09 August 2007

Conditions for Quaker Revival: will ideas converge, or will people converge?

I'd planned to do a brief review of Philip Jenkins' God's Continent: Christianity, Islam, and Europe's Religious Crisis. (I still will, below.) But in gathering materials for that review, I came across a Jenkins quote in Christianity Today that felt like a breath of fresh air:

In any society, ideas tend to become associated with particular traditions, so that ideologies represent packages of themes and beliefs. Tell me an American's stance on gun control, and I will make a plausible bet about his views on abortion, or on granting POW status to terrorist suspects. Western Christians, too, take their beliefs not singly but in packages, and we know what is implied by umbrella terms like "liberal" and "conservative." Or to take other ideological labels, Americans know that liberation theology advocates social justice activism, and opposes unjust or exploitative political structures. At the opposite end of the spectrum we would expect to find charismatic believers in deliverance, who espouse spiritual warfare and confront the demonic or supernatural forces holding humanity in thrall. Politically, such believers would be presumed to be on the Right just as assuredly as liberation is on the Left.

All of which prepares us poorly for the world of the emerging Christian churches, which have rediscovered the basic semantic truth that liberation and deliverance are actually the same thing. To be credible, any presentation of the Christian message must offer the prospect of freedom from the oppressive forces of this world and the other worlds. We should not be startled when global South evangelicals are "conservative" about abortion or homosexuality but also demand forceful state intervention to fight poverty, even if that means regulating the free market. And we should not expect that newer churches will respect the walls that separate styles of worship and belief among Europeans and North Americans, between churches that are evangelical and catholic, liturgical and charismatic.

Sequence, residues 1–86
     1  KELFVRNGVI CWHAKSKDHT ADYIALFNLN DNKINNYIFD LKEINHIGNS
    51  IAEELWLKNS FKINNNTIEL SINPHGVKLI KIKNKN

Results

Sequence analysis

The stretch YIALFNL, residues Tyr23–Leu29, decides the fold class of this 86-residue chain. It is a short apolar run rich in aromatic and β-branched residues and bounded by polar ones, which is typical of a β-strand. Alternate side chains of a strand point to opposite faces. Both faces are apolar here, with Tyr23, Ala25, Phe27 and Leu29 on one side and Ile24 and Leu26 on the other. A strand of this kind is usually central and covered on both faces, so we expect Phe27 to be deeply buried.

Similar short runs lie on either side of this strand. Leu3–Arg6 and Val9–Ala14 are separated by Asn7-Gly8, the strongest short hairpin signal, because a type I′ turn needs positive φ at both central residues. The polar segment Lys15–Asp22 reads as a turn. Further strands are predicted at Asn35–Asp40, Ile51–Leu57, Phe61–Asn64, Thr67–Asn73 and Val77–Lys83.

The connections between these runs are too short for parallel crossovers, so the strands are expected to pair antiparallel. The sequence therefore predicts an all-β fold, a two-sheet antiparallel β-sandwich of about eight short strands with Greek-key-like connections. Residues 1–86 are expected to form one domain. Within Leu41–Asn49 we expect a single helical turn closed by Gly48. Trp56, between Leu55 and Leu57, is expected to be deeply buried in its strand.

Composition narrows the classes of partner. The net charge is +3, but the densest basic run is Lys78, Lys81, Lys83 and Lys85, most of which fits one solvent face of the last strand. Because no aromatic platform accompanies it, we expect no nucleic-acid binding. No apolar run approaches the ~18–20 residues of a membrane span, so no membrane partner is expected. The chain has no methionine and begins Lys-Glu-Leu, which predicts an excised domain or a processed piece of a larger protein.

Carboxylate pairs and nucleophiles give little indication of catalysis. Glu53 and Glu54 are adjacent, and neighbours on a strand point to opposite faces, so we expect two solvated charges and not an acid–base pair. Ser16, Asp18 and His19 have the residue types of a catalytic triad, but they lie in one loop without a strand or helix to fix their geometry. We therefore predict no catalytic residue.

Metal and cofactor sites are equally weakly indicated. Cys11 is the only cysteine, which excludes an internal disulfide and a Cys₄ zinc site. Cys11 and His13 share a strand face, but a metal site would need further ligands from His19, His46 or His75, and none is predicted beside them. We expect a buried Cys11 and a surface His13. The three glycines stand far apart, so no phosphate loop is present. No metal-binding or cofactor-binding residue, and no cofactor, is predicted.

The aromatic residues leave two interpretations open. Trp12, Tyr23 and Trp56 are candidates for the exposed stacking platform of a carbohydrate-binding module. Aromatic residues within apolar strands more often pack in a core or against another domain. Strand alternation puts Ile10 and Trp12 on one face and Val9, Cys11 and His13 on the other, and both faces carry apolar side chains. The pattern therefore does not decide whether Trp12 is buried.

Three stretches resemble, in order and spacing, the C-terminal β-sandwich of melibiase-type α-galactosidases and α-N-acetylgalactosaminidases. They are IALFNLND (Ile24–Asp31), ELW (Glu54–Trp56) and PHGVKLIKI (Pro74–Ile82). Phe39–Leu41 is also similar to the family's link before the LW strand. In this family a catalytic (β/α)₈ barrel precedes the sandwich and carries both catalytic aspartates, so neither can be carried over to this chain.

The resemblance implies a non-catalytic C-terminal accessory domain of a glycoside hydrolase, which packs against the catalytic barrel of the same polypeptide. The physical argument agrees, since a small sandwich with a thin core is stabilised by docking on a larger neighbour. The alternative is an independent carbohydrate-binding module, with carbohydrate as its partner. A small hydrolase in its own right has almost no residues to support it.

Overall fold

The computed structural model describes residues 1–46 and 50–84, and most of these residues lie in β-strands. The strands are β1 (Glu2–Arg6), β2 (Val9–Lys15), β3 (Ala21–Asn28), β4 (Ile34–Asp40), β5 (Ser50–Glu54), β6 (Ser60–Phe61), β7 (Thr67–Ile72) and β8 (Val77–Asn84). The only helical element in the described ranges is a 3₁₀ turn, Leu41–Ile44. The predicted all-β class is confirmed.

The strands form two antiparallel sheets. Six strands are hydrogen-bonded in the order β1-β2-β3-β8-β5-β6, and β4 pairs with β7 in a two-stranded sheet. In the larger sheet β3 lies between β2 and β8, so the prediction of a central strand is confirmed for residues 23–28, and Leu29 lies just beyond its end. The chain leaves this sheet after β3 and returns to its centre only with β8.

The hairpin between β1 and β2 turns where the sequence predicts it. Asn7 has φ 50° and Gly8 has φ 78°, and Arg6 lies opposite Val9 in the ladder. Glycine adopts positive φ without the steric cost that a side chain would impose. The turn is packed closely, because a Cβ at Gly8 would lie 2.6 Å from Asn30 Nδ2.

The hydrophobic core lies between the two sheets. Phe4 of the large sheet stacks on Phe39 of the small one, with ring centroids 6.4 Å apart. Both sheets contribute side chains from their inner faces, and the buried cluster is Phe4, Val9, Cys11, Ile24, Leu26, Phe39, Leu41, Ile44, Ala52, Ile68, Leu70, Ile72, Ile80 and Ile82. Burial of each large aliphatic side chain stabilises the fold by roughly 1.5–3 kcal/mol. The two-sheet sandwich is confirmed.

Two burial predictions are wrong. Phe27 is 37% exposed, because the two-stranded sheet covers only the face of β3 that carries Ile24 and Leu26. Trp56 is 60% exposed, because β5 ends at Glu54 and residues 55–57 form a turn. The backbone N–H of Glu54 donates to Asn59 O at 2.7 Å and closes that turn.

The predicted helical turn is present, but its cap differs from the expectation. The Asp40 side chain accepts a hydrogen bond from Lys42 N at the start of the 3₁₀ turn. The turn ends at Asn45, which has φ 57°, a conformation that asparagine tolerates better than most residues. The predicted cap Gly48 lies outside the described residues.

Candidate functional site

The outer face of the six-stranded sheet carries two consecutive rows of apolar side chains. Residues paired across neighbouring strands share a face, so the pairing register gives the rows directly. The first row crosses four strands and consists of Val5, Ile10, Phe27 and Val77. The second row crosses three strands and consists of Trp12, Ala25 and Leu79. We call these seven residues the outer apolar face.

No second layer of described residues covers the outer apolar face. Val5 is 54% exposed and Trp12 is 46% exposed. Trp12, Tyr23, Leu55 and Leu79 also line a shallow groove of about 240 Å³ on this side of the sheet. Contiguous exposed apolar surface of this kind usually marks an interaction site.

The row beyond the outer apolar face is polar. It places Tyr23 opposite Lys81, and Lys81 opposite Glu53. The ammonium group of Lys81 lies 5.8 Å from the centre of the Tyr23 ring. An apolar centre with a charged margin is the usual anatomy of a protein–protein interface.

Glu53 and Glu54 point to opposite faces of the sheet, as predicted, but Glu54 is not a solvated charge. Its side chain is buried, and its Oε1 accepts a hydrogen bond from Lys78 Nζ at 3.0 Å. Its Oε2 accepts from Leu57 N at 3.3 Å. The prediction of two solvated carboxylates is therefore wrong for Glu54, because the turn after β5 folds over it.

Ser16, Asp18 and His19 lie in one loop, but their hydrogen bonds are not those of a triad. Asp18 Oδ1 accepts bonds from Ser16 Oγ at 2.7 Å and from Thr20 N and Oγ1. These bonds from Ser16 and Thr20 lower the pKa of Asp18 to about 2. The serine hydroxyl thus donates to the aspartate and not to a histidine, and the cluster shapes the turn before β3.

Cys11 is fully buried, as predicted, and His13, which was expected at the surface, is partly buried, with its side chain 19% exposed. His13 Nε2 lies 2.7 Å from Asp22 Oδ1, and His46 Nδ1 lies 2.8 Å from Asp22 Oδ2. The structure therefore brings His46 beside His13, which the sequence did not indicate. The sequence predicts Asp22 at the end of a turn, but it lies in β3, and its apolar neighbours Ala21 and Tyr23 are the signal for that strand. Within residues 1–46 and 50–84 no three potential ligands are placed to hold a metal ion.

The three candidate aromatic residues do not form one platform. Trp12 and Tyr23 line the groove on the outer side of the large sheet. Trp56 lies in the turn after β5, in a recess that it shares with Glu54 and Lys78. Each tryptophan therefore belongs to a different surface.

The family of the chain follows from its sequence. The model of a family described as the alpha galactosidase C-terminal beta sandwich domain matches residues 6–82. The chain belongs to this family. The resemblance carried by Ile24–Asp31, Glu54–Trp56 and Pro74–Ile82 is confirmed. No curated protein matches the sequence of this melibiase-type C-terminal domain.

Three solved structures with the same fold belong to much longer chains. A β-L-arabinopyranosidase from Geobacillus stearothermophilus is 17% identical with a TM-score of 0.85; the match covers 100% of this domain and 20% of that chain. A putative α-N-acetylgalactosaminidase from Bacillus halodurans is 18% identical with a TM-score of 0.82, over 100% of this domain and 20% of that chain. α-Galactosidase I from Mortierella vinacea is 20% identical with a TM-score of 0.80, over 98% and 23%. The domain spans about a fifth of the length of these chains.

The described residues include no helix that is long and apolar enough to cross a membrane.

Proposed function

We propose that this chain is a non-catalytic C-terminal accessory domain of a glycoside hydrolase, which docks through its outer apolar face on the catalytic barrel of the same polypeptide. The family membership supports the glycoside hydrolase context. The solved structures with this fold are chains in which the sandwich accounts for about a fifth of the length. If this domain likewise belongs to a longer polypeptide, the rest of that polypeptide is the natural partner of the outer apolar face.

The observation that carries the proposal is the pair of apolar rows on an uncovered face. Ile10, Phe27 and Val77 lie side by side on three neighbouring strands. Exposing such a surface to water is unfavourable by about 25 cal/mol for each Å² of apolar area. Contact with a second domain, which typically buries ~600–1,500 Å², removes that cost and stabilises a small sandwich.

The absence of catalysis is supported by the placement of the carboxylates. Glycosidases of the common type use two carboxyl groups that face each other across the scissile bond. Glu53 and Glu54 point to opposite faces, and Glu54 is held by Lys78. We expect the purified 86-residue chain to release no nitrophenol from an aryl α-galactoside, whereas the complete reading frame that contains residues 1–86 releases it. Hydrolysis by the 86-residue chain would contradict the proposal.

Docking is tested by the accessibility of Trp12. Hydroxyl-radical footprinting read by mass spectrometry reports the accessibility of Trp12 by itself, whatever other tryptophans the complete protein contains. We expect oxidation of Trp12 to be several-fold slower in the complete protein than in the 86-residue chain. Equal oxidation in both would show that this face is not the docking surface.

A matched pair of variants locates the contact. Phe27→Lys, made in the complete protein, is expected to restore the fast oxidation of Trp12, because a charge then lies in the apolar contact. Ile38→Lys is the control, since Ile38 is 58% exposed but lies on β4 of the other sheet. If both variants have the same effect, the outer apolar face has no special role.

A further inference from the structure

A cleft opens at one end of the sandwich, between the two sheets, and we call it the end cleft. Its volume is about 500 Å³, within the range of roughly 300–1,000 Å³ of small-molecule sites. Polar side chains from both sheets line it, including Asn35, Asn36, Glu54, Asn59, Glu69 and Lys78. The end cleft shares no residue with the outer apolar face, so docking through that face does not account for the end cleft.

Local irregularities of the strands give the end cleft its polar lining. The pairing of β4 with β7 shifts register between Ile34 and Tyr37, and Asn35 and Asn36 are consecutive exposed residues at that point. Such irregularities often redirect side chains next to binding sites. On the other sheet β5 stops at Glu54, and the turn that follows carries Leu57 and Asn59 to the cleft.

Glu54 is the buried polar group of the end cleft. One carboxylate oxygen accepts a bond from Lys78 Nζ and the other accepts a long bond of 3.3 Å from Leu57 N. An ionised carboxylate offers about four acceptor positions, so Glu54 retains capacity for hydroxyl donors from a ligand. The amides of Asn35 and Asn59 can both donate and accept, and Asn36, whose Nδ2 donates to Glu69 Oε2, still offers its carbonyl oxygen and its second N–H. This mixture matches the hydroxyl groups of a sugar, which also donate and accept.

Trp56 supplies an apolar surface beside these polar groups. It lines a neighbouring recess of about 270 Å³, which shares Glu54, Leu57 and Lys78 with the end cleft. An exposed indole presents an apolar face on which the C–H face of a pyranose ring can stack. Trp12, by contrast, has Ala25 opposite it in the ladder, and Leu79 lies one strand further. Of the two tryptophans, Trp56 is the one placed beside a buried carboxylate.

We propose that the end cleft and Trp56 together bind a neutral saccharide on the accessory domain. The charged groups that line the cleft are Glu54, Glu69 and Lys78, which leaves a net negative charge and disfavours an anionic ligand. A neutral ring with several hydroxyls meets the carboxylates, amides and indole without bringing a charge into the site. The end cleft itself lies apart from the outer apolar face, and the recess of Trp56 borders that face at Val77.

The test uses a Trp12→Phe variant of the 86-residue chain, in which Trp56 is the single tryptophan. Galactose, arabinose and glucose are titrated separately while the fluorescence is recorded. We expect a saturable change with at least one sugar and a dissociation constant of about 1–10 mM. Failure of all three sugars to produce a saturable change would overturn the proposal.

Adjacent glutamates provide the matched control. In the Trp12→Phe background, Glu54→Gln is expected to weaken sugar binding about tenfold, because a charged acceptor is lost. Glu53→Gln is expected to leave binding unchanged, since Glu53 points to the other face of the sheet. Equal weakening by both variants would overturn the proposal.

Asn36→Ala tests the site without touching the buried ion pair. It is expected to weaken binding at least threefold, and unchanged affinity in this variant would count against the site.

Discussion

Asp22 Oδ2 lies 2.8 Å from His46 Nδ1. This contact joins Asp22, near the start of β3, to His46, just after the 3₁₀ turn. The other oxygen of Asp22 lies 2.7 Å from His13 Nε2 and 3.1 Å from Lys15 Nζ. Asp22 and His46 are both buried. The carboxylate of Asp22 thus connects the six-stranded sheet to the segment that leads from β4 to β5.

Jenkins' listing of convenient correlations (anti-abortion = anti-gun control, with no perceived irony, as I found strongly a couple of weeks ago in northern Idaho) is not complete, in this brief essay; neither is his listing of cross-cutting factors. Geographic, cultural, economic, and generational differences all help shape our inhibitions and blind spots, but breaking through those difference for a glimpse of new connections can help love overcome.

Even apparently intractable conflicts such as that over homosexuality, where established conservatisms seem to speak with one voice across geographic distances, look very different through the eyes of people half my age or younger. Jean M. Twenge writes, "A recent article in Time magazine found that otherwise conservative college Republicans are remarkably uninterested in gay marriage as an issue. While only 30% of the overall American population supports gay marriage, 59%--nearly twice as many--of 18-year-olds do." (Generation Me: Why Today's Young Americans Are More Confident, Assertive, Entitled--and More Miserable Than Ever Before.) (For some equivalent indications among younger evangelicals, see the Postmission excerpts I posted here.) What will happen to today's governing certainties as that attitudinal bulge works its way through the demographics?

I'm convinced that Quaker revival will be fueled by all sorts of unlicensed and impertinent connections, for which ancient models already exist, especially if we take a long-term look at history. Whatever stupidities, cultural captivities, and blind spots Christians have carried in the short-term, the long-term impact of the Christian movement on this planet has been astounding. Without needing to assert sole credit for anything--in fact reserving all credit to the Holy Spirit who can operate even in spite of Christians, and certainly through non-Christians--Christianity has been subversive to tyranny, patriarchy, elitism, gnosticism, superstition, and coercive ideologies. Why stop now??